Blockchain Association Rebuffs CFPB’s Proposal on Payment Apps and Digital Assets
In a detailed critique, the Blockchain Association counters the CFPB’s latest proposal to oversee digital consumer payment applications, citing legal and jurisdictional overreaches in the bureau’s approach to cryptocurrencies and digital assets.
CFPB Faces Criticism from Blockchain Association Over New Proposal
In November 2023, the Consumer Financial Protection Bureau (CFPB) proposed a new rule aimed at bringing non-bank payment providers and certain crypto transactions under its oversight. The proposal was ostensibly seen as a step towards modernizing financial regulation, and has sparked backlash in the crypto community.
The proposed rule by the CFPB seeks to define a market for general-use digital consumer payment applications. This would bring apps like Venmo and other digital asset platforms under the same regulatory scrutiny traditionally reserved for banks. The implication for the crypto industry is profound, as this could subject various crypto transactions to increased regulation and oversight. The rule is part of the CFPB’s effort to extend its examination authority over larger participants operating in the digital payment space.
CFPB requested feedback to the proposal, which the Blockchain Association, a prominent group in the crypto sector, delivered in a detailed 14 page response today. In a press release with the response, the Association summarized their position:
The Proposal, which would give the CFPB supervisory authority over certain “general use digital consumer payment applications,” is overly broad and lacks the requisite analysis to justify such broad application.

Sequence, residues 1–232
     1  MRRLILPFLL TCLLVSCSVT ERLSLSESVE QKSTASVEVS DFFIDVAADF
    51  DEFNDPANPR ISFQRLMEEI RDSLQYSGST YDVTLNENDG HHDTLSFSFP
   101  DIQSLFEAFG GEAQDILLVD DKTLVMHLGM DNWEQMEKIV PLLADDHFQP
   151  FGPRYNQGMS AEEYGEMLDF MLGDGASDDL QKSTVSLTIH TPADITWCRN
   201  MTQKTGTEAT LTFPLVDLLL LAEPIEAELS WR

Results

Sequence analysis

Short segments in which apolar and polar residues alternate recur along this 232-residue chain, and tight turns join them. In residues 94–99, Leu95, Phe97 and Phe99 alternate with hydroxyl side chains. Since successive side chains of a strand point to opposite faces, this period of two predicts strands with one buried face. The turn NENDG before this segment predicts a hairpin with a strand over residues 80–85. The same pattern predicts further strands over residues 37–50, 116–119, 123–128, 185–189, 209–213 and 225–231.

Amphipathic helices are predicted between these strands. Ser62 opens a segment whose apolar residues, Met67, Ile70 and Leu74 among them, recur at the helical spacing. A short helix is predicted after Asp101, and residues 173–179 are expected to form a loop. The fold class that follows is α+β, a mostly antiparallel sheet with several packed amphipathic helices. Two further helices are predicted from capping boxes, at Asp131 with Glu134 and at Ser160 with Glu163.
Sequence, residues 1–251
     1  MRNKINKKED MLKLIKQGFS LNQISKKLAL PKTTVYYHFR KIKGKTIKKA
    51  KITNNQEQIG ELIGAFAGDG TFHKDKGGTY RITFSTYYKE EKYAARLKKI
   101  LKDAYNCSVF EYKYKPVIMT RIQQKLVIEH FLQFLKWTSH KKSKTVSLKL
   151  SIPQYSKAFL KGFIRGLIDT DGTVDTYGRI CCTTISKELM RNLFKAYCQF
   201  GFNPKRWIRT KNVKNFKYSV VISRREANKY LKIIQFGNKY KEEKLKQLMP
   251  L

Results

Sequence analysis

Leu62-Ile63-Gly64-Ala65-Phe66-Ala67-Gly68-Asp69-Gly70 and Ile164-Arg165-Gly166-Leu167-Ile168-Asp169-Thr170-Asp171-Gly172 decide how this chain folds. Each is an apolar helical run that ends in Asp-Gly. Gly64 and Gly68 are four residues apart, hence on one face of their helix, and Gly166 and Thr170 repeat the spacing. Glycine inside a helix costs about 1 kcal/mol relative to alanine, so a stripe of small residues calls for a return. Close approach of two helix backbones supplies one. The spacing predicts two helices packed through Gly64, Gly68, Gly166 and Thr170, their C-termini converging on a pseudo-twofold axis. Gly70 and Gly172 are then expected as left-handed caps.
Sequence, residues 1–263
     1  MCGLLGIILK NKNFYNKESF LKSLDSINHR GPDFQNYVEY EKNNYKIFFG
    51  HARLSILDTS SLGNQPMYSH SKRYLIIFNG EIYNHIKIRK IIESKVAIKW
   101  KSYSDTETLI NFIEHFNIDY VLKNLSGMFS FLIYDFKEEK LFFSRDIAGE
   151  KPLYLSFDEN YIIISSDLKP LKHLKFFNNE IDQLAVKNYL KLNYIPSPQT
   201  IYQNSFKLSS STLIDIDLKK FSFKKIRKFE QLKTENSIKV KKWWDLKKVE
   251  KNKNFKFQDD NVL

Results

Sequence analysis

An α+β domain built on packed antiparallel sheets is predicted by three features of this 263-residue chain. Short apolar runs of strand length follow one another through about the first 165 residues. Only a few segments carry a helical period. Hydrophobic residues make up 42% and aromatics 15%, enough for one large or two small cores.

The Association raised several concerns, primarily questioning the CFPB’s jurisdiction over digital assets. The Blockchain Association argues that the CFPB can’t assume authority over digital assets without additional rulemaking, noting that the CFPA, passed in 2009, does not clearly define “funds” to include digital assets, which emerged shortly after the Act’s inception.
The Association further contends that the proposal lacks legislative history or case law to support extending the definition of “funds” to include digital assets. They emphasize that such a significant extension of regulatory scope necessitates a separate rulemaking process under the Administrative Procedure Act (APA) to allow public engagement on this critical issue.
Beyond the jurisdictional challenge, the Association criticizes several aspects of the proposal, recommending that its scope be confined to transactions involving fiat currency only, citing the absence of a thorough impact analysis on digital assets, especially those used for non-financial purposes like NFTs. They also question the proposed threshold of 5 million transactions for platforms to fall under the regulation, labeling it as arbitrary and lacking justification.
Concerns are also raised about the proposal’s vague terms regarding non-custodial wallets and the challenges digital asset wallet developers face in tracking the nature of transactions. The group calls for a more detailed cost-benefit analysis, concluding that the current proposal fails to meet APA standards and risks being “arbitrary and capricious.”
In the end of a thread on X, the Blockchain Association’s Head of Legal, Marisa Coppel, recommends, “the CFPB to consider the implications of the Proposal’s application to digital assets and recognize the Proposal’s deficiencies in light of APA requirements.”
Do you think the CFPB is attempting to expand its power through this proposal? Share your thoughts and opinions about this subject in the comments section below.